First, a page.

"Despite disagreement over interpretation, a more formidable obstacle exists before us," Hibner said. "That is, with the introduction of any fish passage, river system physics do not allow for water levels identical to conditions observed in December 2016."

Hibner addressed a higher rock weir during his presentation Wednesday, introducing the opportunity for a locally preferred option.

He brought a to-scale poster that showed the difference between three alternatives. 

At the top of the poster was "today," and a height of 114 feet. Below it at 112.9 feet was Alternative 1-1, which would have retained the lock and dam structure with fish passage around it, but has been called an invalid option by the Corps. Also on the chart were Alt. 2-6a at 112.4 feet, and Alt. 2-6d at 111 feet.

Hibner pulled out an ink pen and held it up to the poster, comparing the height difference between 2-6a and 1-1. That difference is about half a foot.

"(Alternative) 2-6a can get you to just about the length of my pen from what you would get if you maintained the lock and dam and did a fish bypass around it," Hibner said.

He also addressed the prospect for a locally-preferred option.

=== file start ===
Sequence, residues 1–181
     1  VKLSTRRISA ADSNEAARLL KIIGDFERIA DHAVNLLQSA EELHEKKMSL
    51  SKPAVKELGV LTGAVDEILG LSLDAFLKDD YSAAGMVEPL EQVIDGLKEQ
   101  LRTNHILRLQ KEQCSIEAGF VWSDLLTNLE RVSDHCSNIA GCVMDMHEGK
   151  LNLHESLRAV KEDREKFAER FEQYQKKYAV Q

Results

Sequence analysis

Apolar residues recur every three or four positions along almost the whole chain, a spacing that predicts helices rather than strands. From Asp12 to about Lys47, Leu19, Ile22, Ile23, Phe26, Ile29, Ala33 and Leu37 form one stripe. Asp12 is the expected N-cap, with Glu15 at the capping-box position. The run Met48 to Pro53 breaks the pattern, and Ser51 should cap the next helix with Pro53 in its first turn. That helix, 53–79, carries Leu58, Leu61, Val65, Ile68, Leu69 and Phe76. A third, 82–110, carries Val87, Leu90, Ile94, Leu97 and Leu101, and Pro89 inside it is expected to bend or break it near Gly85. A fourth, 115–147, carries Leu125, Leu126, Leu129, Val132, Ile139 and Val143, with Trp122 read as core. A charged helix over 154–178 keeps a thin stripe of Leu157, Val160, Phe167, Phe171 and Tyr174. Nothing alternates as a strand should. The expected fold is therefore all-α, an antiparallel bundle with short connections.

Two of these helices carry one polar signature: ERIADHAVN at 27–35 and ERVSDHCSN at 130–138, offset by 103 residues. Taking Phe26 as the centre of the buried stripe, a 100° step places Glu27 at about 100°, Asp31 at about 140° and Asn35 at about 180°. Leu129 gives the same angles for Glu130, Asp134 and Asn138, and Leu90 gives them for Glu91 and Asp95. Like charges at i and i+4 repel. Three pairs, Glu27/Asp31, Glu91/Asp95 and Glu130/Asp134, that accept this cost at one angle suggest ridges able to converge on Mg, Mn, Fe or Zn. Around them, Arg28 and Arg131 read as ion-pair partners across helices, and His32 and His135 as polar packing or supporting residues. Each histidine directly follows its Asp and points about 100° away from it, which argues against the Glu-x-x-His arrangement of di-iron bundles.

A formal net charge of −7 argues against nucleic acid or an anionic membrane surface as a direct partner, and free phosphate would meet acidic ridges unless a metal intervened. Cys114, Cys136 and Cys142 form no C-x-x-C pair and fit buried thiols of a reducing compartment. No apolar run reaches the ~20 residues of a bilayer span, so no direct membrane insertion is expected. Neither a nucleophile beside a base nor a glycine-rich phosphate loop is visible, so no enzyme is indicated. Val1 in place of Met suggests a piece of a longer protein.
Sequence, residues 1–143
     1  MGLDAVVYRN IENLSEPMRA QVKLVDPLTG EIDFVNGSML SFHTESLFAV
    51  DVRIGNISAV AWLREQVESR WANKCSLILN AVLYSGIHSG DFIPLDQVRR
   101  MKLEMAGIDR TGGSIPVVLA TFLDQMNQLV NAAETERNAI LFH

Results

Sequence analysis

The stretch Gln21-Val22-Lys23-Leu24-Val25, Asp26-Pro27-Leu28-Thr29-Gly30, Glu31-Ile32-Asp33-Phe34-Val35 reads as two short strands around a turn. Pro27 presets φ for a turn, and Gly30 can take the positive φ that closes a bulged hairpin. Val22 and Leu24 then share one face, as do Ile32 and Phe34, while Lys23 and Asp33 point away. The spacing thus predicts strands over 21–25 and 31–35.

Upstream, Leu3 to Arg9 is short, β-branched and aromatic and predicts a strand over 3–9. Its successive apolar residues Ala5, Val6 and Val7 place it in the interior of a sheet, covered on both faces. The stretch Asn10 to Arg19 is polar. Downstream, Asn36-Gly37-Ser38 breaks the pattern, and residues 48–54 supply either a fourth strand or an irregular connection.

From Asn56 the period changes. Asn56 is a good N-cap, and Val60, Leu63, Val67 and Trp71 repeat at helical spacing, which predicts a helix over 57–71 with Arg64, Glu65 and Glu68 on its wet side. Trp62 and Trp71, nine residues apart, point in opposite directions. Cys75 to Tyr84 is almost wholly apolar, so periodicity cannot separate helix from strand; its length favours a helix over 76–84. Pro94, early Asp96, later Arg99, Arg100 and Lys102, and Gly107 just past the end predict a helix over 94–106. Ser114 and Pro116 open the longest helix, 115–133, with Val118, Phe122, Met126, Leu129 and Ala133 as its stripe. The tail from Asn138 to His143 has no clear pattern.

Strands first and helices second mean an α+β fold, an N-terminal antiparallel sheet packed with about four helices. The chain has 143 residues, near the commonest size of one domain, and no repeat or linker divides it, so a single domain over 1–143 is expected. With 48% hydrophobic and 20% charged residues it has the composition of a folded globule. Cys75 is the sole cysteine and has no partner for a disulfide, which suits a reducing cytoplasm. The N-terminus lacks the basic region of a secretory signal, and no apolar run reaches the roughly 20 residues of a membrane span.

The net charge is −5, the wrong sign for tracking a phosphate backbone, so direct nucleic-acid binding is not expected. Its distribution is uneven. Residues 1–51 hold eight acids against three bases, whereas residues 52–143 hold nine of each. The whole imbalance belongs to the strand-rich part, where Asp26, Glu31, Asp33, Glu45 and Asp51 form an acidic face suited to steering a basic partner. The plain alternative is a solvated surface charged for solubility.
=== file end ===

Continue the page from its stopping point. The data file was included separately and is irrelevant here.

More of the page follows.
"This modification though, (Alternative) 2-6a, would require cooperation between a few agencies, but that's not at all out of reach, and here's how it would work. Changing to a higher weir alternative before construction needs Georgia and South Carolina to work in concert with the project's non-federal sponsor to form a locally-preferred plan, or an LPP," he said.

The non-federal sponsor is the Georgia Ports Authority.

"Changing to a higher weir alternative after construction is also still possible, but we have to go about it slightly differently. A non-federal entity would need to pursue modification through a permit …" he said.

Hibner added a modification to weir height would also increase nuisance flooding frequency.

'We are not going to lay down and give up'

Community leaders in Aiken County are planning to continue the fight to save the pool.